So, please make sure when you leave the unit that you’ve got all the information you require and if you’ve got any questions at all don’t hesitate to ask the nurse who will be able to answer them for you.
Before your next cycle of treatment you will come in and see the doctor in the clinic room, you’ll have a blood test and an examination to make sure you are fit and well for treatment you will then come back the following day or later on that week for treatment.
Before you start chemotherapy
You need to have blood tests to make sure it’s safe to start treatment. You have these either a few days before or on the day you start treatment. You have blood tests before each round or cycle of treatment.
Common chemotherapy side effects include:
- feeling sick
- loss of appetite
- losing weight
- feeling very tired
- a lower resistance to infections
- bleeding and bruising easily
- diarrhoea or constipation
- hair loss
Side effects depend on:
- which drugs you have
- how much of each drug you have
- how you react
Tell your treatment team about any side effects that you have.
Most side effects only last for a few days or so. Your treatment team can help to manage any side effects that you have.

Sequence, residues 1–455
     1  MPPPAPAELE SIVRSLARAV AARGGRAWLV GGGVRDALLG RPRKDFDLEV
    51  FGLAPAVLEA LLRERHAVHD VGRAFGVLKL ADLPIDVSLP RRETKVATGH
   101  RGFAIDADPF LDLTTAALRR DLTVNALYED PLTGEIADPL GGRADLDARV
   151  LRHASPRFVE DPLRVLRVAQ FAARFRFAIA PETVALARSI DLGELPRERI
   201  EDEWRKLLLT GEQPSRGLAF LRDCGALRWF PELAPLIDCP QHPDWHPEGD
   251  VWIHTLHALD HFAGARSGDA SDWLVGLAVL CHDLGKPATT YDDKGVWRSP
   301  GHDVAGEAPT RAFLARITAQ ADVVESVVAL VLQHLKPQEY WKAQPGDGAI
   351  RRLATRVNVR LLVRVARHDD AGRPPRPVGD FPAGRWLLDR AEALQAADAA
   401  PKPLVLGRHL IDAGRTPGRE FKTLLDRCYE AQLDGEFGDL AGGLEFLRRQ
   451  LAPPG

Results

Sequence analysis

When you go home
Chemotherapy for soft tissue sarcomas can be difficult to cope with. Tell your doctor or nurse about any problems or side effects that you have. The nurse will give you telephone numbers to call if you have any problems at home.
Dietary or herbal supplements and chemotherapy
Let your doctors know if you:
- take any supplements
- have been prescribed anything by alternative or complementary therapy practitioners
It’s unclear how some nutritional or herbal supplements might interact with chemotherapy. They could be harmful.
Some studies seem to suggest that fish oil preparations may make chemotherapy drugs work less well. If you are taking or thinking of taking these supplements talk to your doctor to find out whether they could affect your treatment.